Cruises have long been touted as the most accessible vacation
option for people with disabilities.
But what do you do if somebody rolls into your office and wants
to book a cruise?
Although some industry experts say the best course of action is
to refer these clients to a specialist, most travel agents don’t
want to give away a commission or a potential repeat customer.
Admittedly, not everybody has the time or inclination to become
an expert in the field, but it never hurts to learn the basics.
Here are some tips to help you along the way.
Make it a point to look at the accessible cabins on your next
ship inspection. Take a tape measure and jot down some important
measurements such as door width, toilet height and bed height.
Make notes about the pathway access throughout the ship. Is
there adequate wheelchair clearance? Although wheelchairs vary in
width, clearances of less than 30 inches may be problematic.
Finally, snap a few photos of the accessible cabins (including
the bathrooms) and add them to your Web site.
Reserving a Cabin
Some cruise lines require “proof of disability” to reserve
accessible cabins. Usually this is a doctor’s note but sometimes it
can be a passenger self-declaration. Learn the procedures for your
preferred providers. Consult the special needs department for
Cruising from a nearby homeport is an attractive option for
wheelchair users, as it eliminates the possibility of
airline-inflicted wheelchair damage.
Wheelchair-accessible airport transfers are not standard. They
have to be requested in advance, usually through the special needs
department. If the cruise line does not offer accessible transfers,
search the online Project Action Database for accessible airport
and hotel shuttles.
Remember to request pier assistance from the special needs
department when you reserve the cabin. Disabled passengers are
given priority boarding. You can also request wheelchair assistance
for passengers who are slow walkers, tire easily or cannot stand
for prolonged periods of time.
Become familiar with the different types of medical equipment
disabled people need. Visit the Spin Life Web site for photos and
descriptions. Cruise Ship Assist and ScootAround rent medical
equipment that can be delivered to ships.
Some ships have wheelchairs that can be borrowed for short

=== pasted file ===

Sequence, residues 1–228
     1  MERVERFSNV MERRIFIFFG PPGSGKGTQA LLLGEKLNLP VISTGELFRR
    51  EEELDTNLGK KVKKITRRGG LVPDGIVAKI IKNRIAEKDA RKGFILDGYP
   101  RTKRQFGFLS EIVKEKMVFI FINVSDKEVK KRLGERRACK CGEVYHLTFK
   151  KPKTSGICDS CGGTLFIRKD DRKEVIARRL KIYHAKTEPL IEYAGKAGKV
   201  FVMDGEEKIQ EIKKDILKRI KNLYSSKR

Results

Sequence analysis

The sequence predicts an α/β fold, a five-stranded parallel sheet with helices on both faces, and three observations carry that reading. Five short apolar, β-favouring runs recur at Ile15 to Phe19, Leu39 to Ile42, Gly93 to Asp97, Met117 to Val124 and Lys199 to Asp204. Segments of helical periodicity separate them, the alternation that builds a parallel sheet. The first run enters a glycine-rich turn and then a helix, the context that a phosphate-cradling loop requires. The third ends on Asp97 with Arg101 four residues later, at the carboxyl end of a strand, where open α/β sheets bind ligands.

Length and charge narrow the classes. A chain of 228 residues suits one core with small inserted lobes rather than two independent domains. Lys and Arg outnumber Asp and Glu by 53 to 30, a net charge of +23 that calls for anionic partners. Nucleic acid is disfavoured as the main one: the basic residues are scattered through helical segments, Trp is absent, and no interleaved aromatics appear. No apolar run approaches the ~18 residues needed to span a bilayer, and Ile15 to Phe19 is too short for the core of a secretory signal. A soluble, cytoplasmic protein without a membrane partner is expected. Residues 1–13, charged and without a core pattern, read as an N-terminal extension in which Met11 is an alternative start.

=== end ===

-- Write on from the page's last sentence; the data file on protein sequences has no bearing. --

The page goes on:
periods of time, but in most cases if your client needs a
wheelchair full-time, they need to bring their own or rent one.
Many cruise lines accept service animals and some even provide
special relief areas; however, some countries have strict animal
quarantines. At the very least, a current health certificate will
be required. Check the online Pets Welcome database of
international quarantines and regulations to make sure the animal
will be permitted to disembark at all ports.
Accessible cabins have wide doorways, good pathway access and
adapted bathrooms. Part-time wheelchair users may be able to use a
standard cabin if they can walk a few steps and fold up their
Scooter users always need an accessible cabin, even if they can
walk a few steps, because scooters cannot be “parked” in hallways.
Not only does this obstruct traffic (including other
wheelchair-users), but it’s also considered a safety hazard.
Dining Room Seating
Request accessible dining room seating, either near the door or
close to an accessible pathway, through the special needs
Become familiar with the tendering policies and procedures of
your preferred providers. Some cruise lines hand-carry wheelchair
users aboard tenders, some use mechanical devices and some do not
permit wheelchair-users to tender at all.
Most shore excursions are not accessible, so you need to decide
in advance how to handle this issue.
Some agents plan accessible shore excursions as a value-added
service for their clients. Some charge an extra fee for this
service and some inform their clients that they need to plan their
own accessible shore activities.
Planning accessible shore excursions can be very labor
intensive. Access is spotty in the Caribbean and poor in Mexico and
the Mediterranean. Alaska and Hawaii have some accessible options,
but tendering can be an issue. The Cruise Critic message board on
disabled travel is a good resource for accessible shore
Travel insurance is highly recommended for disabled clients, but
make sure the policy does not exclude pre-existing conditions. When
in doubt, question the carrier about coverage for your client’s
specific injury, disease or medical problem.
Candy Harrington is the editor of Emerging Horizons and the
author of Barrier-Free Travel: A Nuts And Bolts Guide For Wheelers
And Slow Walkers.